hackday - analog meters

For this last hackday, I decided to work on something more hardware hacking related. At this year's Maker Fair, I was really inspired by all the cool stuff people were building, so I picked up an arduino and started playing around with a couple of things.

I've always wanted to have some cool old-school analog VU type meters displaying web requests.

Here's my completed hackday project:

Here's a view of the components from the back:

It's battery operated and receives data wirelessly over RF from another arduino I have hooked up via serial to my laptop.

It's pretty simple, but I'm still totally psyched about how it came out.

The main components are some analog panel meters (kinda pricey, but awesome), and an RF receiver. The frame is a piece of scrap acrylic from TAP Plastics that I drilled and cut to size, and the stand is a piece of a wire clothes hanger bent to shape.

Connected to my computer is a another arduino (actually a volksduino) that receives updates over USB and sends the data out over RF:

You may be asking, why bother with wireless if you need a computer hooked up through serial anyway. Or you may ask why not just connect to a wireless network directly.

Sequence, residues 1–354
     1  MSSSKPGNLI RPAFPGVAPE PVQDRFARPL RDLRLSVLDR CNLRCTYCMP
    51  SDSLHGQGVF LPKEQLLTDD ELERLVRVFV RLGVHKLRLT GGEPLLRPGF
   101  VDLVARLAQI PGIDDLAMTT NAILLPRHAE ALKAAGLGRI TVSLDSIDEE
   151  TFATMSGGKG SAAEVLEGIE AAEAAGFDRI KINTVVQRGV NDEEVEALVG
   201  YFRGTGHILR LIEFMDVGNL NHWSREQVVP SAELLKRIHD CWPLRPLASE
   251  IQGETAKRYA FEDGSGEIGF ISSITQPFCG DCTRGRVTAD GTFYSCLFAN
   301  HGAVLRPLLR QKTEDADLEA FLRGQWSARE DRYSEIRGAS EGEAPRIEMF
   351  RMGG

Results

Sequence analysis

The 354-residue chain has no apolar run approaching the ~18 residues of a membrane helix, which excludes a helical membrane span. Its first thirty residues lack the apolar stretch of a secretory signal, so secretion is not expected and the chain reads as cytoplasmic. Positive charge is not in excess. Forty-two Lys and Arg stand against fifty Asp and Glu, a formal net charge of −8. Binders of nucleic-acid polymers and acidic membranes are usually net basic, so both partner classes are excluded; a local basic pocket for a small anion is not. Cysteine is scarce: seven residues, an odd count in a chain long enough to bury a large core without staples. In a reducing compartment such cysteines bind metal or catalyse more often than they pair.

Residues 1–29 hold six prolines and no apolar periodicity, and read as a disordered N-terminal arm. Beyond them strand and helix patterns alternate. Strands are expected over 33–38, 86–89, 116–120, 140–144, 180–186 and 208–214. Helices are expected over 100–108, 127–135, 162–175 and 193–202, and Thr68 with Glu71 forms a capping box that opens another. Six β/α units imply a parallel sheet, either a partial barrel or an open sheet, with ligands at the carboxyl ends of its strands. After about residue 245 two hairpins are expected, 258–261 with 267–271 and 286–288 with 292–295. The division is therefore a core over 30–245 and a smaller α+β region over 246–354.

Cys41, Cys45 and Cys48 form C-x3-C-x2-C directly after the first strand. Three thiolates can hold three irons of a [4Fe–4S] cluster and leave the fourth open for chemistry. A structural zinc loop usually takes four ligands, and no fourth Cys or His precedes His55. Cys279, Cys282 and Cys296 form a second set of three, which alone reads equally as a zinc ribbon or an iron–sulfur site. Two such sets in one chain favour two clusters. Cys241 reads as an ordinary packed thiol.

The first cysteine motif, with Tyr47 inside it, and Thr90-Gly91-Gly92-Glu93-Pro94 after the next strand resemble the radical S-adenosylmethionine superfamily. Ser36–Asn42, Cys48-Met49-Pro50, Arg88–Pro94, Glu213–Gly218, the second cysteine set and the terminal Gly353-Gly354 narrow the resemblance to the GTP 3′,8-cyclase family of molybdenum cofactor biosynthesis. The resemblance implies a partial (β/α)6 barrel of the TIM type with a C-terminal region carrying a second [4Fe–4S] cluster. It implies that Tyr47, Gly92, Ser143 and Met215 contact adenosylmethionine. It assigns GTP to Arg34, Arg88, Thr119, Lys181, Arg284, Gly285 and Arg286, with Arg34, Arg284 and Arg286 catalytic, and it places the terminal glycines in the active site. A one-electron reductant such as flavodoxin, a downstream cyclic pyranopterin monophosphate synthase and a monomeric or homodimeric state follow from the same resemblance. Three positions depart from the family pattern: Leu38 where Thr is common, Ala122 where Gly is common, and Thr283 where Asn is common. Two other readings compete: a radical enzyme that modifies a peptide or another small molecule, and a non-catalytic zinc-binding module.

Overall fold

Well, I wanted the meters to be able to be moved around, or mounted on a wall... I wanted them wireless. But, it turns out that wireless and even ethernet solutions for connecting an arduino to the internet directly are comparatively pretty expensive. Even using bluetooth is expensive. My long term plan is to have a single arduino connected to the internet directly (via ethernet or wireless), and have it serve as a proxy over RF for the others... So this is a bit of work towards that.

I wrote a bit of Java code to connect to amazon's cloudwatch to pull the load balancer statistics for two of our services. I then discovered it's near impossible to connect to anything over USB in Java... It is ridiculous. Luckily, it's REALLY easy to do this with Processing, so I wrote a simple processing program that used my cloudwatch library and wrote it out to serial.

And that's really it. The arduino reads data over serial, and periodically sends it over RF. The arduino hooked up to the meters simply reads the values over RF and sets the meters to display a scaled version of the results. They're showing requests per second. We get a huge amount of requests per second with these services, so the numbers on the dial aren't actually correct (I need to make some custom faceplates). It also flashes an LED every time it gets a RF transmission.

Here's a quick video of it in action:

The one thing I'm not crazy about is that the maximum resolution you can get from cloudwatch is stats per minute, so the meters don't actually change as often as I would like.

Still, pretty cool. I'm looking forward to building some more displays like this in the future.